Leathercraft practice: passport wallet and card holder
A few weeks ago, we drove north to a local tannery that also has an outlet shop. Not sure what to expect, I was completely overwhelmed with the amount of choice- and I learned that it was indeed rather unusual for them to have so much to offer at once. Good that I had a maximum budget in mind before entering the shop or I would have been completely lost and broke! 🙂
At least all the time that I needed to make decisions provided Joeri with enough time for a refreshing nap (we had left early in the morning).
Color is always the first thing that attracts me but I had to remind myself a few times that finding some leather of a certain thickness was my main goal. With the small bits that I had ordered before, I missed leather of 1.5mm or thinner. But I was prepared! With my thickness gauge in hand, I measured the hides that looked like nice options. I chose 2 different types of green leather with different kinds of textures and stiffness so that I could try both. Except for that, I also fetched some smaller bits in brown, blue, and wine red.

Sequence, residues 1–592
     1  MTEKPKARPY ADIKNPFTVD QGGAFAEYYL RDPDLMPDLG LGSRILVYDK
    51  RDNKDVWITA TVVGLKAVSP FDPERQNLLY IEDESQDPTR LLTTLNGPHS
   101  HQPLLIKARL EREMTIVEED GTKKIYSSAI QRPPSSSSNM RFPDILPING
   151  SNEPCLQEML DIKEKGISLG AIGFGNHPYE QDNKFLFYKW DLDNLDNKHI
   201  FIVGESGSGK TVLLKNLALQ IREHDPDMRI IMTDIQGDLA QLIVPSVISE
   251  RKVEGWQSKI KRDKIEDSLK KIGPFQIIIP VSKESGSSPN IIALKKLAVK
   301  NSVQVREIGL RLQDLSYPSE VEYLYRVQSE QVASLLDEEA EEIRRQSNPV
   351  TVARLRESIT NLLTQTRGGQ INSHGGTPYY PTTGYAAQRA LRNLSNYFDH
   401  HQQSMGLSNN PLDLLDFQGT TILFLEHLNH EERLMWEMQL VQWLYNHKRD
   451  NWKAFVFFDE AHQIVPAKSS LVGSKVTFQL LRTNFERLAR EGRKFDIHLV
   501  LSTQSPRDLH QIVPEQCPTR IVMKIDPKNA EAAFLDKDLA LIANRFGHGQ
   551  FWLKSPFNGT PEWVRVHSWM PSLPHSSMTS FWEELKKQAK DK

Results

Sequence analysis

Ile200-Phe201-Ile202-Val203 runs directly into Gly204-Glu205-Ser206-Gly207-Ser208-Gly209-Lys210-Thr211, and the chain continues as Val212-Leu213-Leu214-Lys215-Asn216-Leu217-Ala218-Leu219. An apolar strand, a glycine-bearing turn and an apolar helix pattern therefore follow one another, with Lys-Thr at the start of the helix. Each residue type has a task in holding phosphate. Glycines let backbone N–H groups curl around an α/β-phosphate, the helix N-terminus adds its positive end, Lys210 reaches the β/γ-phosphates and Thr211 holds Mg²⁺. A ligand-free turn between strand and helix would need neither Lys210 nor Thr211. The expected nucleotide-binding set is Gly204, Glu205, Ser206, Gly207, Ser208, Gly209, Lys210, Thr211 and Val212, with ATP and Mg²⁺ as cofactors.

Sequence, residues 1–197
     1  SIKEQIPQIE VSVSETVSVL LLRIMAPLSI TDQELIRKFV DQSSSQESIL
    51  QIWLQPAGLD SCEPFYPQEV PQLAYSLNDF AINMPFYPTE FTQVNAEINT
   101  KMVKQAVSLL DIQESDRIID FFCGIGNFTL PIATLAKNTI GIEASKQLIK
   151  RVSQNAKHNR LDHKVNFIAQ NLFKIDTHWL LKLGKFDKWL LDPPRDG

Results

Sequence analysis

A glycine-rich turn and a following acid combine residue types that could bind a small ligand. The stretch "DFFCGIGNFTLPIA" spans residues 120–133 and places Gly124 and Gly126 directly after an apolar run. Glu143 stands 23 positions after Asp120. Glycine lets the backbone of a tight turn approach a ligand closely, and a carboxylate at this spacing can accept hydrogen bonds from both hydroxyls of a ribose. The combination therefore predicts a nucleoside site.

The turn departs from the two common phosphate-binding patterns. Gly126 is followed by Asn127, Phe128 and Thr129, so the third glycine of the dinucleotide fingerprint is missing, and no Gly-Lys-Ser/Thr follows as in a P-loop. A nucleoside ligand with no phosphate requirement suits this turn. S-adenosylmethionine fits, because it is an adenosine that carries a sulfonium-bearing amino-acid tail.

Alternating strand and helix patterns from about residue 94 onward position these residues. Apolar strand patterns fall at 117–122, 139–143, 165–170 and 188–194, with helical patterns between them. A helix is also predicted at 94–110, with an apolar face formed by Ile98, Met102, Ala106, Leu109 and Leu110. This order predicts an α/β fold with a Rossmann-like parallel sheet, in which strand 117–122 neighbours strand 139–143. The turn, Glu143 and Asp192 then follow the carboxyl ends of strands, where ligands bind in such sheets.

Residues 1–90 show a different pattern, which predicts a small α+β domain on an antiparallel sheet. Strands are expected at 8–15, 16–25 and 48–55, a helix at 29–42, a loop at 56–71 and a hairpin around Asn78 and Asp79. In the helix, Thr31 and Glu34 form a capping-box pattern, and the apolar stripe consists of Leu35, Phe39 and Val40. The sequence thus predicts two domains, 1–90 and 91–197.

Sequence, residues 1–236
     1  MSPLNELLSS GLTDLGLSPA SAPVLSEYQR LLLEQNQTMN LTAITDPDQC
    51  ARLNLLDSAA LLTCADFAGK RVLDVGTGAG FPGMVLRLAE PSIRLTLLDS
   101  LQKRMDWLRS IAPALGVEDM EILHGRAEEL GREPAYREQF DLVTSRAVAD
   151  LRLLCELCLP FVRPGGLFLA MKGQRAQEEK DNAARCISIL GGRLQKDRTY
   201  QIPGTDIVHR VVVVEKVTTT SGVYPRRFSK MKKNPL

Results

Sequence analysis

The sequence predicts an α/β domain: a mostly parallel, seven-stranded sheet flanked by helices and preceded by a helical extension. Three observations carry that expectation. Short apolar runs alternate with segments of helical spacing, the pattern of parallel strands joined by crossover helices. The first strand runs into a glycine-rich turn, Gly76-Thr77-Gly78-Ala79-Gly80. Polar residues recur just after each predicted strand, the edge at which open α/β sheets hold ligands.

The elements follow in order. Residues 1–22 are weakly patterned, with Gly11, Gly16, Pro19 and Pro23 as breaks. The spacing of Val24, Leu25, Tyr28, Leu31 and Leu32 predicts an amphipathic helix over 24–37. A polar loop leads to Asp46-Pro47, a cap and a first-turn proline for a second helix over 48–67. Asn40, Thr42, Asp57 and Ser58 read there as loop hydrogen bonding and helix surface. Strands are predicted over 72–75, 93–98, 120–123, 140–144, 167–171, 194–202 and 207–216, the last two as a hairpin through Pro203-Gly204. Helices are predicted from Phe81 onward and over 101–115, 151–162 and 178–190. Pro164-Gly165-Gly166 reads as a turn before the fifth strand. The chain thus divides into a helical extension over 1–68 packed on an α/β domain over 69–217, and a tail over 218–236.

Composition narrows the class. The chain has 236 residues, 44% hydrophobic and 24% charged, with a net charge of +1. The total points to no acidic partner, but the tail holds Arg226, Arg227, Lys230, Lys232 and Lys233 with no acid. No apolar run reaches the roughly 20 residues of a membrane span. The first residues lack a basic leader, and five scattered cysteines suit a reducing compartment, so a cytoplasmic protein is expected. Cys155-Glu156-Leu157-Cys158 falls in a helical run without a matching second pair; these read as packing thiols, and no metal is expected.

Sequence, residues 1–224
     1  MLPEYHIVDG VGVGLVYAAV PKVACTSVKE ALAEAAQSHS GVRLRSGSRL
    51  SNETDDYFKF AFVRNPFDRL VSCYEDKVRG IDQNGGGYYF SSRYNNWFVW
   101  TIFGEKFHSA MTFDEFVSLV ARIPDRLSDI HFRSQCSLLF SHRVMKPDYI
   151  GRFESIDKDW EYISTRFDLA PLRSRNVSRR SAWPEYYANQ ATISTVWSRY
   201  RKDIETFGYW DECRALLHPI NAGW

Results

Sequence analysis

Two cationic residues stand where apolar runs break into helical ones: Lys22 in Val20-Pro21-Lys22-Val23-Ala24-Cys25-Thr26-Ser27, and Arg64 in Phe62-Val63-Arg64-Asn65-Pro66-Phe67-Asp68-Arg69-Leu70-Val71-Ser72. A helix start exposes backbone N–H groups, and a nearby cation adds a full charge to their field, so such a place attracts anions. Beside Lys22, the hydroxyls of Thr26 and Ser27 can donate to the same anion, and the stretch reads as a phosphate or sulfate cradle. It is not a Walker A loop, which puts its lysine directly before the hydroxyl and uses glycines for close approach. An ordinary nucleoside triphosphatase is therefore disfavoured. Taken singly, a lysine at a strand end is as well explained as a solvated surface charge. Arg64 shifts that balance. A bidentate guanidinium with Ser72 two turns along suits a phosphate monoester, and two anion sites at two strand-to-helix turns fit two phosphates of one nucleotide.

The first project with the new leather- kinda stressful to start a new/larger piece- was the passport wallet in the picture above. This moss green leather is rather soft and souple and Instagram voted for the color of thread- choosing a happy yellow. The design of the passport wallet is by Philip Jury and it is an exercise in turned edges- meaning no edge paint or waxing but a lot of skiving. It was a huge struggle! The leather was perhaps a bit too stretchy and my technique for hand skiving was still clumsy so in the end, to make it work, I used the French edger to get the job done. As a printmaker, the French edger feels more natural as it resembles linocut or woodcut gauges but it’s challenging to have an even and thin surface. Sometimes I feel like a toddler smashing crayons against a wall while Philip Jury works so smooth and elegant 🙂 🙂
Next in line was a card wallet designed by Stock and Barrel. My plan was to have a skiving-free project after the struggles of the passport wallet- but I think I ended up skiving even more haha! This dark green leather, however, was stiffer and thus much easier to skive. Oh, what a relief!
In this last project, creating the stitch marks and crease lines for rounded corners already went a bit smoother and I made fewer mistakes. Joeri immediately wanted one of these wallets too 🙂